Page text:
Body fat may predict aggressive prostate cancer

Excess weight not only raises your risk of prostate cancer, it can also mean more aggressive and fatal cancer, according to a study published online June 10, 2019, by Cancer.

Scientists found that the accumulation of visceral fat (the hidden kind that lies deep in the abdomen and surrounds the major organs) and subcutaneous fat in the thighs (which lies just under the skin) were both associated with a greater chance of developing advanced prostate cancer as well as dying from the disease. Researchers recruited more than 1,800 cancer-free men (average age 76) and measured their abdominal and thigh fat with CT scans. Measurements were also taken of waist size and body mass index (BMI), a measure of obesity based on a person's height and weight.

After about 10 years, approximately 170 men got prostate cancer. Those with a higher waist size and BMI had greater risks of advanced and fatal cancer. Specifically, a five-point increase in BMI was associated with a 50% higher risk for both, and a 4.1-inch increase in waist size was associated with a 40% higher risk. Also, extra visceral fat was associated with a 31% higher risk of developing advanced prostate cancer. More subcutaneous fat in the thigh was associated with a 37% higher risk of dying from prostate cancer.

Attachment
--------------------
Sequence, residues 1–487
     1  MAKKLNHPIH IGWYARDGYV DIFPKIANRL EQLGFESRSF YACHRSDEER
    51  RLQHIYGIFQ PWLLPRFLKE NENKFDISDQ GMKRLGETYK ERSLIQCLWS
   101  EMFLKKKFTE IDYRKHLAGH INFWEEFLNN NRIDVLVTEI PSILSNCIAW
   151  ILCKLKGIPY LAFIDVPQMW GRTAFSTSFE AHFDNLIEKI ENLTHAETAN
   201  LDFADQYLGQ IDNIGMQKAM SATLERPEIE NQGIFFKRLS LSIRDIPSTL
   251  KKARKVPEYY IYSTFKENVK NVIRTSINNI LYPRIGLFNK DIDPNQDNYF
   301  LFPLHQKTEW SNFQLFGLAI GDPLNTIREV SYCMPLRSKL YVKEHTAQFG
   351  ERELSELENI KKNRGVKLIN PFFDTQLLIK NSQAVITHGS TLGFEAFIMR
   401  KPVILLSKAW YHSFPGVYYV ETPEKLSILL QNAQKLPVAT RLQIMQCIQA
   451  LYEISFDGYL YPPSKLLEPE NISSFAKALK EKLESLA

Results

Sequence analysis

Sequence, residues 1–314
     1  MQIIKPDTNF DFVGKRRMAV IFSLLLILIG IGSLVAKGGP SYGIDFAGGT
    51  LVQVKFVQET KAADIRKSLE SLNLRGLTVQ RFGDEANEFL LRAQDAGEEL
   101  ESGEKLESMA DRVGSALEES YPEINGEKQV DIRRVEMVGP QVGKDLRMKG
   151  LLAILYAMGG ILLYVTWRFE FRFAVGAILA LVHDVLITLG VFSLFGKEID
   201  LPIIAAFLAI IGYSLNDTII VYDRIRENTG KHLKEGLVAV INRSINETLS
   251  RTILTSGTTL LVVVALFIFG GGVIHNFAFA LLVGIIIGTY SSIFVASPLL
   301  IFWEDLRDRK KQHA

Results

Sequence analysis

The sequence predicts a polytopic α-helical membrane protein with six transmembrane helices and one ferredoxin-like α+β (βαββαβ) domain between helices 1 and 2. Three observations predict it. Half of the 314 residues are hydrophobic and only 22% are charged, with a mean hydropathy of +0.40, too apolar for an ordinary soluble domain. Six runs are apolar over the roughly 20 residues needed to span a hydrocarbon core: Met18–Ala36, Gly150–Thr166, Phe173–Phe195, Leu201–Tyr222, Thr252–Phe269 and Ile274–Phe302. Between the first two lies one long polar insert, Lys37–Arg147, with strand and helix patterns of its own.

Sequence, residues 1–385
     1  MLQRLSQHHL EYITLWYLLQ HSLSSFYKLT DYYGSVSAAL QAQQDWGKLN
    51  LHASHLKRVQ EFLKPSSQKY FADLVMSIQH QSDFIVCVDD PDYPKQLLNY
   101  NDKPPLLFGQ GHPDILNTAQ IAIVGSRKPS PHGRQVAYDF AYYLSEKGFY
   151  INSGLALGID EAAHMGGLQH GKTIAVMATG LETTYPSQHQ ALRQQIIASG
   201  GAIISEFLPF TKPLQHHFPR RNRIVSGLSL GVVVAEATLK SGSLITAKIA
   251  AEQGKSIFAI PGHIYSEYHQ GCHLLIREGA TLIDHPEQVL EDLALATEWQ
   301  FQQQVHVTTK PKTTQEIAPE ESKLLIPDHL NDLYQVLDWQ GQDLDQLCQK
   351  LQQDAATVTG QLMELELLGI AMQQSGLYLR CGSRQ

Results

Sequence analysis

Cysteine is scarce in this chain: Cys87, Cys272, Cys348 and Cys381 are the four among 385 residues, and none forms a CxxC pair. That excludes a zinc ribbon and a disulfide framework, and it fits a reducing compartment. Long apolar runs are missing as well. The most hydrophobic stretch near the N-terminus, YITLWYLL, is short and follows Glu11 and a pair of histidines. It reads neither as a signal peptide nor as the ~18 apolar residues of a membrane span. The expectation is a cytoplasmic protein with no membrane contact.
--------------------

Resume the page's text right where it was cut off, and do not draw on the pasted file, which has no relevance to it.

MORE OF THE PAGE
Another interesting finding was that the connection between visceral fat and advanced and fatal cancer was stronger among men with a lower BMI. This implies that even men with a normal BMI may still be at high risk for aggressive prostate cancer depending on where they carry their extra fat, according to the researchers.

They added that the results may help identify men more likely to develop dangerous prostate cancer, but stressed the importance of maintaining a healthy weight as part of overall prostate cancer prevention and management.


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